Although life experiences are not a new topic of research or clinical interest (Paykel, 2001), they remain a relevant issue crossing different fields of psychology. After reviewing and analyzing the currently available measures, such as the Life Events Checklist(Gray, Litz, Hsu, & Lombardo, 2004), we drew several important conclusions about the conceptual and technical challenges in this field of assessment.

First, there is a clear imbalance between the assessment of positive and negative life experiences, which consequently affects the availability of empirical results. Research on negative life experiences, which are also labeled traumatic or stressful events (depending on the theoretical perspective), has a long tradition and a rich variety of published studies and available self-report measures; the opposite is true for positive life experiences (with a few exceptions, such as the Life Experiences Survey by Sarason, Johnson, & Siegel, 1978). This trend affects psychology in general (Bausmeister, Bratslavsky, Finkenauer, & Vohs, 2001) and this research line in particular (Zimmerman, 1983). Second, we realized that no scientific definition of life experiences exists; rather, this term appears to refer to a shared concept that does not require an objective, clear definition. Additionally, we noticed that the labels life experiencesand life events are used interchangeably. Another problem was the scarcity of a lifespan perspective (Dohrenwend, 2006), evidenced by the absence of measures covering lifetime experiences using a temporally organized schema. For instance, some instruments were organized around developmental stages (i.e., childhood and/or adolescence), whereas others focused on events throughout the lifespan (but did not collect data concerning when these events occurred). We further concluded that most measures did not allow individuals to reflect on their own life experiences; instead, these instruments established a valence (positive or negative) based on general consensus while ignoring personal experiences (e.g., the birth of a child is a positive event for most people but not necessarily for all). This was the starting point for the development and evaluation of the Lifetime Experiences Scale (LIFES).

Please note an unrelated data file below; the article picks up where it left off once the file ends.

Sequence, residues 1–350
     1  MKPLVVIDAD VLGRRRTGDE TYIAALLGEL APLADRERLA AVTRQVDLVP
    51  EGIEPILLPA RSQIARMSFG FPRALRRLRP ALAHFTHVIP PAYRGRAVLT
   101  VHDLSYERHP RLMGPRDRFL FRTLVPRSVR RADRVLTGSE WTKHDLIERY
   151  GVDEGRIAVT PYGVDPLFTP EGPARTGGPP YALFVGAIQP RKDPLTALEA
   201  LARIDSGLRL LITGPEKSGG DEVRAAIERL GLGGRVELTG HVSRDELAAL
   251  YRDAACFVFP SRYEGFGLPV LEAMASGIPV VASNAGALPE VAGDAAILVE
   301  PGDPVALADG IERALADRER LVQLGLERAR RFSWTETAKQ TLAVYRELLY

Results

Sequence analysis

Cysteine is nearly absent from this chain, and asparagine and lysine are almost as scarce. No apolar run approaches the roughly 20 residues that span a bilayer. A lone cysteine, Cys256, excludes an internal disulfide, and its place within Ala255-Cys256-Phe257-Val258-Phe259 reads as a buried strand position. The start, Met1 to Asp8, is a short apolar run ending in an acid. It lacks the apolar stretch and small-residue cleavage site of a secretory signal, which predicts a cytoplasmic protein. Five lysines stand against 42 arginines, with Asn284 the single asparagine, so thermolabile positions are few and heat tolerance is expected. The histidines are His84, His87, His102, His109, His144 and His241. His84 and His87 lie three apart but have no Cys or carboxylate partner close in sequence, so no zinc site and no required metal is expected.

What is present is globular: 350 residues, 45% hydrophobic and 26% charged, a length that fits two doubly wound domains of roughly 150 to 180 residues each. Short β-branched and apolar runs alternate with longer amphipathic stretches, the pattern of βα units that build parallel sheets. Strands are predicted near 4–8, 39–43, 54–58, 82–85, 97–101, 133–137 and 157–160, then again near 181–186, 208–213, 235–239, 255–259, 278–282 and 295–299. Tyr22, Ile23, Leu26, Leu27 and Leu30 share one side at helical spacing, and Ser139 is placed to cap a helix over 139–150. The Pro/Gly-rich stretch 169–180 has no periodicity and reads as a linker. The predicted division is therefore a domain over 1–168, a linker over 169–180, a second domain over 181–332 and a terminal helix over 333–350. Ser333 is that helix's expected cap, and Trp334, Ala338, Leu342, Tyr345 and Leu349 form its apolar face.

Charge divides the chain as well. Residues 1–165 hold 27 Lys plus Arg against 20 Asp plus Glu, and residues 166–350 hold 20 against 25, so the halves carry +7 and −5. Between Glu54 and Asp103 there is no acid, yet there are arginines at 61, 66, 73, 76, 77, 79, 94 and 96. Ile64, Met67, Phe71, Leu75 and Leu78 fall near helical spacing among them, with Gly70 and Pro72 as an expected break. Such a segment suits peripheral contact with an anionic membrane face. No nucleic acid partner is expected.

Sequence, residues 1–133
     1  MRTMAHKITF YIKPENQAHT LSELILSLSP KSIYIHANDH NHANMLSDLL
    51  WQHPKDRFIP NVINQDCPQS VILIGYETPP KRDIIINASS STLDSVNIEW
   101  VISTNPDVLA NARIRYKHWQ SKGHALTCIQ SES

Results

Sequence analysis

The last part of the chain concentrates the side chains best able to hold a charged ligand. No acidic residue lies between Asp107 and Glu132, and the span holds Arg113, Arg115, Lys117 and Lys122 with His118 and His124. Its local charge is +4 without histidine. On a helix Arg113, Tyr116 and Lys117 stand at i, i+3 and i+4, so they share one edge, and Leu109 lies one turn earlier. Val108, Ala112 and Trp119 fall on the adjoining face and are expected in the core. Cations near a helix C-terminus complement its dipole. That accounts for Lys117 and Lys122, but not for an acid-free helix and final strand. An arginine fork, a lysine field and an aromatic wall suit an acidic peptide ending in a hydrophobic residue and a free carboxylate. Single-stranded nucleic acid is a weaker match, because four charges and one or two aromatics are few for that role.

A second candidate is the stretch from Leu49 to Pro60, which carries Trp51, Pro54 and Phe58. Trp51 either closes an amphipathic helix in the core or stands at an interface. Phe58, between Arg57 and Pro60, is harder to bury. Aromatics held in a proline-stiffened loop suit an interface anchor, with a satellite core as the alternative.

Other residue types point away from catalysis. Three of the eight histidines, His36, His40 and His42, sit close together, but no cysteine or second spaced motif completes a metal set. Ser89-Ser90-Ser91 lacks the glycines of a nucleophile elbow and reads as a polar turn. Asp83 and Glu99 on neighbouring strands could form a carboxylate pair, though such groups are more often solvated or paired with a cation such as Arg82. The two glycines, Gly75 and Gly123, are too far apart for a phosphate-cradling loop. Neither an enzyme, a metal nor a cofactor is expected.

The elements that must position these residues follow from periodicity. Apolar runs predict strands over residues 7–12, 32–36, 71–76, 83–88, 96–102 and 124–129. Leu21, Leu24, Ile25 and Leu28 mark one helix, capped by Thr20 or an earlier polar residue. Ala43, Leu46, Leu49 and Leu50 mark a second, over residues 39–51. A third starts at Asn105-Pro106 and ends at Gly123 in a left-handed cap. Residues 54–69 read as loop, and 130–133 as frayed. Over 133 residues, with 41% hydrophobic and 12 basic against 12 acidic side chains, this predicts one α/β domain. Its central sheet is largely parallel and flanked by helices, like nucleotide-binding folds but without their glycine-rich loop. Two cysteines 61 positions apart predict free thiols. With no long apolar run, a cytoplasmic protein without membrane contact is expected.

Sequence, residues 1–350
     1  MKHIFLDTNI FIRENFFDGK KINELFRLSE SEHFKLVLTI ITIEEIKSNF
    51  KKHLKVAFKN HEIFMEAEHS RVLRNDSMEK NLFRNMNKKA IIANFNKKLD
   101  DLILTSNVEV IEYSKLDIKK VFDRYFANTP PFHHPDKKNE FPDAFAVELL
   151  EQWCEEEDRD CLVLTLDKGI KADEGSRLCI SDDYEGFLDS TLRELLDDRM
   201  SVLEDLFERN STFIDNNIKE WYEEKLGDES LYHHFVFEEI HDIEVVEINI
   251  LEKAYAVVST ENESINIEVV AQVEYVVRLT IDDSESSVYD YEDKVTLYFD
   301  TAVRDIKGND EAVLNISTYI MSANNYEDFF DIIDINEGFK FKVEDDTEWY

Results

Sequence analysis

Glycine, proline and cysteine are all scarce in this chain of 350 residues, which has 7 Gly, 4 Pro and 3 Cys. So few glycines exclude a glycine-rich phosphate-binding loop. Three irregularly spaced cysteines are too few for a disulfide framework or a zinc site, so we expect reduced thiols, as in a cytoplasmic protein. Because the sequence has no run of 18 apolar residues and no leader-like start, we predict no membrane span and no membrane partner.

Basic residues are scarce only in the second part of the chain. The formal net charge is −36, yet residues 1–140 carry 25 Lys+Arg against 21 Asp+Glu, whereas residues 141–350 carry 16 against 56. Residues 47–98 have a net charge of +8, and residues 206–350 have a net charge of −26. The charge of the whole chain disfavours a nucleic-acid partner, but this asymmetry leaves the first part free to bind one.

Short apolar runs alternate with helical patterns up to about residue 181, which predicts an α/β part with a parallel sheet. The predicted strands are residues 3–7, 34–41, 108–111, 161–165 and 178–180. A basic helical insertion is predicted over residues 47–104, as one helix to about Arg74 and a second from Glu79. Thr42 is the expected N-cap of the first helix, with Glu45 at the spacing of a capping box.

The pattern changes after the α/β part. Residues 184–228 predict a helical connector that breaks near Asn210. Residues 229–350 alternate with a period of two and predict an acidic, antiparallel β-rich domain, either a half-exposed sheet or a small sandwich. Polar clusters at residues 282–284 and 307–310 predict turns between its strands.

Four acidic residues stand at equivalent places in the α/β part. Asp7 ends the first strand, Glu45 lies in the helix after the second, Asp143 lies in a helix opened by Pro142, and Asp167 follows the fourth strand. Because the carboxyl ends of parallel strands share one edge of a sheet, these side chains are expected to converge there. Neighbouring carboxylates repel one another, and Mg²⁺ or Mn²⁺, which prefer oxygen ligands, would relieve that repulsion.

LIFES was designed to overcome previous limitations and to assess personal life experiences, both positive and negative, that occur throughout the lifespan while independently considering childhood, adolescence, and adulthood. Moreover, LIFES, whose target population is adults, is a self-report measure that presents singular advantages: It is rooted in a clearly defined construct of life experiences (presented below), covers a comprehensive and varied set of life experiences (which can be assessed as a whole or by specific domains, according to specific aims); it allows the realization of (dis)continuity in patterns of life experiences (e.g., if sexual abuse occurred only in childhood or also throughout adulthood); and it includes a section devoted to non-lived (but desired) experiences. Furthermore, LIFES differs from other available measures due to its nonjudgmental style (allowing participants to freely evaluate their own experiences) and greater flexibility (e.g., two unusual answers are available, i.e., not remember regarding occurrence and neutralregarding valence).